The Devil's Brother Went Down to Texas
Traditional Shrimp Fra Diavolo is a garlicky, slightly spicy Italian-American dish made with shrimp and served over pasta. “Fra Diavolo” literally translates to “brother devil” from Italian. Our version of this dish is made with sweet Gulf shrimp and has an extra kick of heat. Sit down in your chair, right there, and let me show you how it’s done.*
Texas-Style Shrimp Fra Diavolo
This recipe is inspired by a recipe for Shrimp Fra Diavolo published by America’s Test Kitchen; however, our version has been adapted substantially. Our recipe calls for an additional 1/2 teaspoon red pepper flakes and 3 cloves of garlic. We also add an additional 14 ounces of diced tomatoes, and reduce the amount of pasta to 3/4 pound from 1 pound, as we found the ratio suggested by the America’s Test Kitchen to have too little sauce with a lot of pasta remaining. We also top our dish with shaved Parmesan.
1 pound large shrimp, preferably fresh Gulf shrimp, peeled and deveined
1 1/2 teaspoons red pepper flakes
6 tablespoons extra-virgin olive oil
1/4 cup brandy or cognac (We prefer to use Raynal French brandy.)
1 medium head of garlic, peeled and minced, approximately 12 - 15 cloves
1/2 teaspoon sugar
42 ounces of diced tomatoes, drained
1 cup Sauvignon Blanc, or other dry white wine
1/4 cup fresh parsley leaves, minced (preferably Italian flat leaf)
1 1/2 teaspoons salt, plus 1 tablespoon when boiling pasta (preferably coarse sea salt)
3/4 pound linguine (preferably whole wheat)
1/2 cup freshly shaved Parmesan cheese, for serving
Bring 4 quarts water to a rolling boil in a large pot.
Meanwhile, heat a heavy-bottomed 12-inch skillet over high heat until the pan is very hot. Toss the shrimp, 1 teaspoon of the red pepper flakes, 2 tablespoons of olive oil, and 3/4 teaspoon salt.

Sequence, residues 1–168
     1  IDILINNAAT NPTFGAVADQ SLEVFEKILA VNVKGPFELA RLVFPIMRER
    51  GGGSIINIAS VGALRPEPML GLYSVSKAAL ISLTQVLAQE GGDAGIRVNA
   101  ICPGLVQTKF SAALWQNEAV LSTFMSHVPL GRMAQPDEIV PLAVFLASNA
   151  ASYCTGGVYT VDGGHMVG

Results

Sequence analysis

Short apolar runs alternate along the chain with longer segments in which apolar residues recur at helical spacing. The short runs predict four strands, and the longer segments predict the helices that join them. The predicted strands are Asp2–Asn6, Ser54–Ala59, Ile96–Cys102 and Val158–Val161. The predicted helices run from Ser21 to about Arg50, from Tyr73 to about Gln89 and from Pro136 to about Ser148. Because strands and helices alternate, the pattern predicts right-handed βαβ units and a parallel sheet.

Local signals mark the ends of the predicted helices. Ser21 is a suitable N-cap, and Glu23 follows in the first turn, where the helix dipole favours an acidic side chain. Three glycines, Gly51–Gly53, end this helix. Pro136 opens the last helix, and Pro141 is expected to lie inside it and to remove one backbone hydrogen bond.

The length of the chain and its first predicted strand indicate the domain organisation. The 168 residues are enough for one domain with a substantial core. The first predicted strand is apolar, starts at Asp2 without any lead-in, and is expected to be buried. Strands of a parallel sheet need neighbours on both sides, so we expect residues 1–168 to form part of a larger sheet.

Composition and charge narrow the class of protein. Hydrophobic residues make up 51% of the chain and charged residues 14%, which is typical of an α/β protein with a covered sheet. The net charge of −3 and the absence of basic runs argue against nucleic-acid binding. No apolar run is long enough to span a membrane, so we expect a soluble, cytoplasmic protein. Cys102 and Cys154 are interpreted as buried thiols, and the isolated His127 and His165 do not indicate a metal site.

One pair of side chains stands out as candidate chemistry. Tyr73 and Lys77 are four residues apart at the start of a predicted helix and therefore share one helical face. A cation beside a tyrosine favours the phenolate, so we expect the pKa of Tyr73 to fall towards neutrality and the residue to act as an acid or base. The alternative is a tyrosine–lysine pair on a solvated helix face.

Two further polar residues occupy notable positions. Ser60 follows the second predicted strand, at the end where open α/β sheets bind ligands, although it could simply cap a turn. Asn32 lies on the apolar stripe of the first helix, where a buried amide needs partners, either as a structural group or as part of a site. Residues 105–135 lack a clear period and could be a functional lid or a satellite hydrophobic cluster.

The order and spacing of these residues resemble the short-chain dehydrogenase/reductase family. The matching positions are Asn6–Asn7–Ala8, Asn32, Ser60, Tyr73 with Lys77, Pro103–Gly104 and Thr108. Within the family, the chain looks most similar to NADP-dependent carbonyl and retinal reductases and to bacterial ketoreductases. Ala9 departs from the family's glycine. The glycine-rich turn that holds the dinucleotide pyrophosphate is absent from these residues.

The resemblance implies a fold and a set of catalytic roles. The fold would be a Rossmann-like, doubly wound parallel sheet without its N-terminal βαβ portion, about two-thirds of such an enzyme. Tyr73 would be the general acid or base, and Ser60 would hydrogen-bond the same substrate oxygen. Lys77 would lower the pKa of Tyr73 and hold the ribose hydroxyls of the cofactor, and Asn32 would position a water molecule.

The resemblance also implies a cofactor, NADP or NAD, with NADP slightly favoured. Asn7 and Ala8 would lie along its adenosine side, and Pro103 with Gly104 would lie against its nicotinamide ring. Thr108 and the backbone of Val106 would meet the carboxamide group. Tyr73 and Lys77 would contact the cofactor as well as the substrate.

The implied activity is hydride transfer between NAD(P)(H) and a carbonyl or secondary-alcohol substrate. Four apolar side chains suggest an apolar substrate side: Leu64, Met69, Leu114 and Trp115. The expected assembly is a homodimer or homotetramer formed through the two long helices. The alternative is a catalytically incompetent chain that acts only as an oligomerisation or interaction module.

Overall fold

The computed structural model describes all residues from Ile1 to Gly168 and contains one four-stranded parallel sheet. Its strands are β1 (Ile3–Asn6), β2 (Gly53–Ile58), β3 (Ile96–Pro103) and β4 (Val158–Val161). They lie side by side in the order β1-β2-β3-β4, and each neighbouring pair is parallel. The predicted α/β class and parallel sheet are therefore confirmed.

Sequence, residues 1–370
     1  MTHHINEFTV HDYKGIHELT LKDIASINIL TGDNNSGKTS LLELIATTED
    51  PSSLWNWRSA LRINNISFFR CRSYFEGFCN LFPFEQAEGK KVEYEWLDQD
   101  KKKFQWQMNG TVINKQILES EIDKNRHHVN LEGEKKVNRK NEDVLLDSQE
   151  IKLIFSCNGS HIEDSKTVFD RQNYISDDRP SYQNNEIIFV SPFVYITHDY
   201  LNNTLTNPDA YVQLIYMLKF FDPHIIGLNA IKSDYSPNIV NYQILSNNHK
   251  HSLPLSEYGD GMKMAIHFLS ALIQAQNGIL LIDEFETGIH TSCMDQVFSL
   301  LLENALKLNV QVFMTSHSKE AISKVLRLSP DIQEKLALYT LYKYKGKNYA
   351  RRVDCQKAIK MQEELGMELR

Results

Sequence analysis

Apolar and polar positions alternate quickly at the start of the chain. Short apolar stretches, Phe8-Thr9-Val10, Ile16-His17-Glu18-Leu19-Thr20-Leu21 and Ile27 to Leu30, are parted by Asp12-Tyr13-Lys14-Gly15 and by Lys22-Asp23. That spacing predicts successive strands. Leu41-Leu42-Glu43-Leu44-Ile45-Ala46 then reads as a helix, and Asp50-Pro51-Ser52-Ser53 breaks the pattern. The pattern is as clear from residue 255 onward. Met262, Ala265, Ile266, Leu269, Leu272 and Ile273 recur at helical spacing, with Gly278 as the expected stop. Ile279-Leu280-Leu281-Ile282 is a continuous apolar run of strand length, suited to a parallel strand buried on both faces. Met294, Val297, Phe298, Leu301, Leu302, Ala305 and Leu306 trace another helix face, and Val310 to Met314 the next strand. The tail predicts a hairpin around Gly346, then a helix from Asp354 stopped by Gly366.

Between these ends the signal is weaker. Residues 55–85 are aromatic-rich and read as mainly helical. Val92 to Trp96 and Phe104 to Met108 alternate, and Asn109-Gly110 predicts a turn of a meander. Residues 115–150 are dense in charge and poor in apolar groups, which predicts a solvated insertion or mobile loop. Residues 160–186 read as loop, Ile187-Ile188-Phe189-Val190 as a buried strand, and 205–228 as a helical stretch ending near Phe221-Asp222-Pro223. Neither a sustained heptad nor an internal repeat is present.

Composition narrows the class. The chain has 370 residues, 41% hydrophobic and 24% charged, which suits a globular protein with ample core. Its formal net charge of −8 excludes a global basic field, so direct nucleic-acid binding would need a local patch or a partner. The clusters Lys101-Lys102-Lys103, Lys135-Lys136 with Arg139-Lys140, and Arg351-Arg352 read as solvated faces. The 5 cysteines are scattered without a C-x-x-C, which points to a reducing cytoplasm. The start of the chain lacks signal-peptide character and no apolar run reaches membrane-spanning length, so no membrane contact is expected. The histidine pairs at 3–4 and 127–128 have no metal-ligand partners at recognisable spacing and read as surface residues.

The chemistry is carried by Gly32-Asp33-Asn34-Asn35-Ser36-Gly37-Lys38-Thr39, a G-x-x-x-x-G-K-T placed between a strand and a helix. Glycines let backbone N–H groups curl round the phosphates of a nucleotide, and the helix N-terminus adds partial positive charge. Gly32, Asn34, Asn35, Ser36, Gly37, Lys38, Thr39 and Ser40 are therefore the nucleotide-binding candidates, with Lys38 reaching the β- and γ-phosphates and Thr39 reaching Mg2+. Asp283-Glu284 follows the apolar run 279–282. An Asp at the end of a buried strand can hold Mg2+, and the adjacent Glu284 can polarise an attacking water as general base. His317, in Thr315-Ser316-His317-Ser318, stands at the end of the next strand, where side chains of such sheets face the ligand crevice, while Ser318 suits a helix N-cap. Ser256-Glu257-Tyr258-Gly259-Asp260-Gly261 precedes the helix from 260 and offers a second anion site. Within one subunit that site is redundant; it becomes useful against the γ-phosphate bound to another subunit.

Add the shrimp mixture to the heated skillet and quickly spread out in a single layer. Cook until the bottoms of the shrimp turn spotty brown, approximately 30 to 45 seconds.
Off the heat, stir to turn the shrimp, then add the brandy. Let stand off the heat until the brandy warms slightly, about 5 seconds, then return the pan to high heat. Wave a lit match over the skillet until the brandy ignites.
Shake the skillet until the flames subside, then transfer the shrimp to a medium bowl and set aside.
Off the heat, cool the now-empty skillet for 2 minutes. Return the skillet to the burner and reduce the heat to low. Add 3 tablespoons of the olive oil and 3 tablespoons of the garlic. Cook, stirring constantly, until the garlic foams and is sticky and straw-colored, approximately 7 to 10 minutes.
Add the remaining 1/2 teaspoon red pepper flakes, 3/4 teaspoon salt, sugar, tomatoes, and wine. Increase the heat to medium-high and simmer until thickened and fragrant, about 8 minutes.
While the sauce simmers, add the linguine and 1 tablespoon salt to the boiling water and stir to separate the noodles. Cook until al dente. Reserve 1/3 cup of the pasta cooking water and drain the pasta.
Return the pasta to the pot, add about 1/2 cup sauce and 2 to 3 tablespoons of the reserved pasta cooking water, and toss to coat.
Stir the reserved shrimp and accumulated juices, remaining garlic, and the parsley into the sauce and simmer until the shrimp are heated through, about 1 minute longer. Off the heat, stir in the remaining 1 tablespoon olive oil.
Divide the pasta, top with a generous portion of the sauce and shrimp, sprinkle with fresh Parmesan, and serve immediately.
Texas-Style Shrimp Fra Diavolo served over whole-wheat linguine
*Lyrics sung by Mr. Charlie Daniels.